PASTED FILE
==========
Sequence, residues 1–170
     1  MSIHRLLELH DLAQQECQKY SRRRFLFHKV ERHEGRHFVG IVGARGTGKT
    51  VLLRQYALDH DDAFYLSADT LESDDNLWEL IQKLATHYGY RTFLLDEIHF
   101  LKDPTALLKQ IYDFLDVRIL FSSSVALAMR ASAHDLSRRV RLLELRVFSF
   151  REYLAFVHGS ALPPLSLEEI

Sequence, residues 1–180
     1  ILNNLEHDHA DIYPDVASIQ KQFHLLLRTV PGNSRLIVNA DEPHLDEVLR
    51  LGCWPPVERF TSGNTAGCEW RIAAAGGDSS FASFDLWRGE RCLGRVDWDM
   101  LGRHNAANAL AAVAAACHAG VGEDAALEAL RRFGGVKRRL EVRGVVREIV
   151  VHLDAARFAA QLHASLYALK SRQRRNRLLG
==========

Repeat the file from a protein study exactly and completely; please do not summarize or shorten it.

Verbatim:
Sequence, residues 1–170
     1  MSIHRLLELH DLAQQECQKY SRRRFLFHKV ERHEGRHFVG IVGARGTGKT
    51  VLLRQYALDH DDAFYLSADT LESDDNLWEL IQKLATHYGY RTFLLDEIHF
   101  LKDPTALLKQ IYDFLDVRIL FSSSVALAMR ASAHDLSRRV RLLELRVFSF
   151  REYLAFVHGS ALPPLSLEEI

Sequence, residues 1–180
     1  ILNNLEHDHA DIYPDVASIQ KQFHLLLRTV PGNSRLIVNA DEPHLDEVLR
    51  LGCWPPVERF TSGNTAGCEW RIAAAGGDSS FASFDLWRGE RCLGRVDWDM
   101  LGRHNAANAL AAVAAACHAG VGEDAALEAL RRFGGVKRRL EVRGVVREIV
   151  VHLDAARFAA QLHASLYALK SRQRRNRLLG